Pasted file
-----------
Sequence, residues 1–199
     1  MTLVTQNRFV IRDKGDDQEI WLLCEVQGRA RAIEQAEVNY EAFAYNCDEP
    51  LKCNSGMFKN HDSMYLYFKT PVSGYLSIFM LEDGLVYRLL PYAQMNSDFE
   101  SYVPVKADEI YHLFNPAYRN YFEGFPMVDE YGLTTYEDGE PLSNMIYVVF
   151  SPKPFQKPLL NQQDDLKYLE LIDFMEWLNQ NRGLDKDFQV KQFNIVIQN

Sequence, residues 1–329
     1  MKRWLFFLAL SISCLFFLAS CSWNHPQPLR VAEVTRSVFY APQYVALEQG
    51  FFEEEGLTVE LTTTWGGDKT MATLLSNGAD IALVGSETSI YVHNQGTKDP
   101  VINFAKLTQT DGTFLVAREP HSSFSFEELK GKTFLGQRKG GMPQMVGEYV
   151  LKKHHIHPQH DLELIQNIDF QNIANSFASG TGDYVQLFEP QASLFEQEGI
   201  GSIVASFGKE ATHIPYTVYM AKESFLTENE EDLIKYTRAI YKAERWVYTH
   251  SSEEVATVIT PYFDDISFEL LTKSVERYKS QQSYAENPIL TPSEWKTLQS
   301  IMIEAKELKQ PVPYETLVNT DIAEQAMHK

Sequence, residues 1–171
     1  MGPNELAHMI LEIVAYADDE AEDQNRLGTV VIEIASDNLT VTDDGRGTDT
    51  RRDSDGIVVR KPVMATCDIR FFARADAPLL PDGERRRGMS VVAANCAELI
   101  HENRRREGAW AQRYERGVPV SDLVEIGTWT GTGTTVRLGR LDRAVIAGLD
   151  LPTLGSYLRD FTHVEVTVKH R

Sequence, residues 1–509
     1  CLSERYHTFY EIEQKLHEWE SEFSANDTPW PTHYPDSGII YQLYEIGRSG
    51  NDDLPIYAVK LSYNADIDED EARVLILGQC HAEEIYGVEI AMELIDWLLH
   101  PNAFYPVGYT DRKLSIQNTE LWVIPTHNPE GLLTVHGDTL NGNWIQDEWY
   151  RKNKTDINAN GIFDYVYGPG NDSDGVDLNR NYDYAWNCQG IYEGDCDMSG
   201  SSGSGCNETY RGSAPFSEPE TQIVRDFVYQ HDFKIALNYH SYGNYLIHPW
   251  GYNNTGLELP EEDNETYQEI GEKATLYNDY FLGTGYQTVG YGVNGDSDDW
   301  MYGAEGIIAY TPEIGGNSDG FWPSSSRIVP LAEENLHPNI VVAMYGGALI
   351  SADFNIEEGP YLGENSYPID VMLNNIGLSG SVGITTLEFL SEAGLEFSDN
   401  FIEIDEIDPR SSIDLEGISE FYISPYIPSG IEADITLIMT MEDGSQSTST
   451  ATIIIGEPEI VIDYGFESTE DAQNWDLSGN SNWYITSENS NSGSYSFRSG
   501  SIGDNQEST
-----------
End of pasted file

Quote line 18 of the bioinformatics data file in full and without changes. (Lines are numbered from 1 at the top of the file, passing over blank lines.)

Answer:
   151  LPTLGSYLRD FTHVEVTVKH R